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Patmos (Hempstead County)

Latitude and Longitude:

33°30'42"N 093°33'59"W

Elevation:

328 feet

Area:

0.124 square miles (2010 Census)

Population:

64 (2010 Census)

Incorporation Date:

September 27, 1906

Historical Population as per the U.S. Census:

1810

1820

1830

1840

1850

1860

1870

1880

1890

1900

-

-

-

-

-

-

-

-

-

-

1910

1920

1930

1940

1950

1960

1970

1980

1990

2000

-

-

-

-

-

-

77

88

32

61

2010

 

 

 

 

 

 

 

 

 

64

 

 

 

 

 

 

 

 

 

Patmos is a town in southern Hempstead County on State Highway 355. The town was created by construction of the Louisiana and Arkansas Railway early in the twentieth century, but its most significant years have been in the twenty-first century.

Caddo lived and traveled along the Red River not far from Patmos, but no settlement was established in the area at that time. After the Arkansas Territory was established, a network of routes called the Southwest Trail was built across the territory, terminating at Fulton (Hempstead County) on the Red River. Washington (Hempstead County) and other communities were established and grew during these years, but the site of Patmos remained unsettled. Just before the start of the Civil War, in 1859 and 1860, several families established ownership of land near Patmos. They included the families of William Arendell, Elijah Chastain, Noah Hamilton, James A. Jones, Wiley Jones, John Raleigh, and Levi York. Shortly after the conclusion of the war, Mount Nebo Baptist Church was founded in the area in 1866.

Southern Hempstead County remained sparsely settled, though, until 1902, when the Louisiana and Arkansas Railway built a twenty-three-mile extension of its line from Stamps (Lafayette County) to Hope (Hempstead County) to connect its lumber market with the St. Louis and Iron Mountain Railway (now the Union Pacific Railroad). Two refueling depots were required; the first was established as Baker (Lafayette County)—now within the city limits of Stamps—and the second was to become the town of Patmos. A post office opened at the depot in 1903. The names Luzon and Dura were considered before residents chose Patmos, named for the island in the Aegean Sea near Greece that serves as the setting of the first chapters of the biblical book of Revelation.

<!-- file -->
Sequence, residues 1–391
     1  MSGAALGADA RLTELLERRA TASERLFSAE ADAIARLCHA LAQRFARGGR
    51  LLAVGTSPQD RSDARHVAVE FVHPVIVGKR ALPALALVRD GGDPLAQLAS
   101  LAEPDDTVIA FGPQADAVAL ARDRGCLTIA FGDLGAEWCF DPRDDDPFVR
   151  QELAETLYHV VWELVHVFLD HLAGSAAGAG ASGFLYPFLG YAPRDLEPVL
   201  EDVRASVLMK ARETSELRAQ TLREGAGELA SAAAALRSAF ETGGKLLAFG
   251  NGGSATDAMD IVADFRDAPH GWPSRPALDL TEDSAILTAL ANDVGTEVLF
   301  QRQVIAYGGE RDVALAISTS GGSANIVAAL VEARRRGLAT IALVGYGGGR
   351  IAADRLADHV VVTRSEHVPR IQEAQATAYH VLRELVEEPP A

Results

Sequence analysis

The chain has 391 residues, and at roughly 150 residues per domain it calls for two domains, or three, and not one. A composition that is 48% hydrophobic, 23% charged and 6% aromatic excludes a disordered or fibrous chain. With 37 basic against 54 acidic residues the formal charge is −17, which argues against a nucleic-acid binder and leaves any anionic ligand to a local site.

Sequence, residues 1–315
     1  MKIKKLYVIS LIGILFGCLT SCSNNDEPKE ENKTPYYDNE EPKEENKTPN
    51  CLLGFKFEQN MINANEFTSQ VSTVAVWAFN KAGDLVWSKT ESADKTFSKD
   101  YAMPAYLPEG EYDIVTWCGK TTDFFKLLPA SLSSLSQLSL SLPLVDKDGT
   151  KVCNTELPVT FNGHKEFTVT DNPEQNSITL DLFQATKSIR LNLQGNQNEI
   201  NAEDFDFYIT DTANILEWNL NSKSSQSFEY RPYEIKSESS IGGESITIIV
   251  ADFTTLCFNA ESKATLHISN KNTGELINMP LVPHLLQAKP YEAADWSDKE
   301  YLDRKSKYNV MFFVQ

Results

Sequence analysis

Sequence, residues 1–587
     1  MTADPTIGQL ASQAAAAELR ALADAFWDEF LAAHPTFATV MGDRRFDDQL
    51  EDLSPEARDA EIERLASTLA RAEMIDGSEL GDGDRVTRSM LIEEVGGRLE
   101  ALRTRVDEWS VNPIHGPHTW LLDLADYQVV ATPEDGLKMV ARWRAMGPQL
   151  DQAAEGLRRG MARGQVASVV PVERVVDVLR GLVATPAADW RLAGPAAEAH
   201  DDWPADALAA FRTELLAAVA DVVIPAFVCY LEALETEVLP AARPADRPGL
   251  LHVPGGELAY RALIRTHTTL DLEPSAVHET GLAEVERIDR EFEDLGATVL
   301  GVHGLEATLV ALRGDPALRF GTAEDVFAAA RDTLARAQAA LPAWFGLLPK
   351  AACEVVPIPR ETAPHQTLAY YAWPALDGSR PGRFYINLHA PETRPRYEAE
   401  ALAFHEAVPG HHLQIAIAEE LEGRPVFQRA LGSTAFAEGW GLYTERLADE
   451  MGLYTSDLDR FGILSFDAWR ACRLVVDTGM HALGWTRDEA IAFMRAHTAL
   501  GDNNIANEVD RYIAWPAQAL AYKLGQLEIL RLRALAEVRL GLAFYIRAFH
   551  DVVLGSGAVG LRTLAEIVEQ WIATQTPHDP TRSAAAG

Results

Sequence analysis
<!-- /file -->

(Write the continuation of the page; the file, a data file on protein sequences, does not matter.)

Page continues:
The town of Patmos was incorporated in 1906, although the U.S. Census did not begin recording figures for its population until 1970. Aside from the railroad depot, the post office, and the Baptist church, it is not known what other businesses were established at Patmos—perhaps a general store and possibly a sawmill. A public school existed in Patmos for some years, but its opening year and closing year are both uncertain. Seventy-seven citizens lived in Patmos in 1970. In 1976, the post office was closed. The Louisiana and Arkansas Railway, which had become part of the Kansas City Southern Railroad through the influence of Arkansas investor Harvey Couch, was dissolved in 1992, and the rails between Stamps and Hope were removed.

Rather than allow their town to fade into oblivion like so many other railroad towns after the railroad disappeared, Patmos citizens resolved to revitalize and strengthen their town in the twenty-first century. The Patmos Community Park was built, including hiking trails and a disc golf course. In 2014, the old train depot was moved into the park. On May 24, 2014, the town began hosting an annual festival called Mayfest.

Along with the park and the Baptist church, other institutions in Patmos include a volunteer fire department, the Lone Pine Hunting Club, and Grandpa’s Place, a venue for gospel music performances. Patmos is also the headquarters of an organic farm organized by the Arkansas Drug Court Program, part of the Department of Community Correction. Men and women convicted of drug offenses raise food on the farm and sell it at farmers’ markets and at community events.

Arkansas historian James Harris (J. H.) Atkinson taught classes at the Patmos School in 1908 and 1909 before he completed his college education.

For additional information:
Fair, James R. The Louisiana and Arkansas Railway. DeKalb, IL: Northern Illinois University Press, 1997.

Steven Teske
Butler Center for Arkansas Studies

Last Updated 7/10/2017

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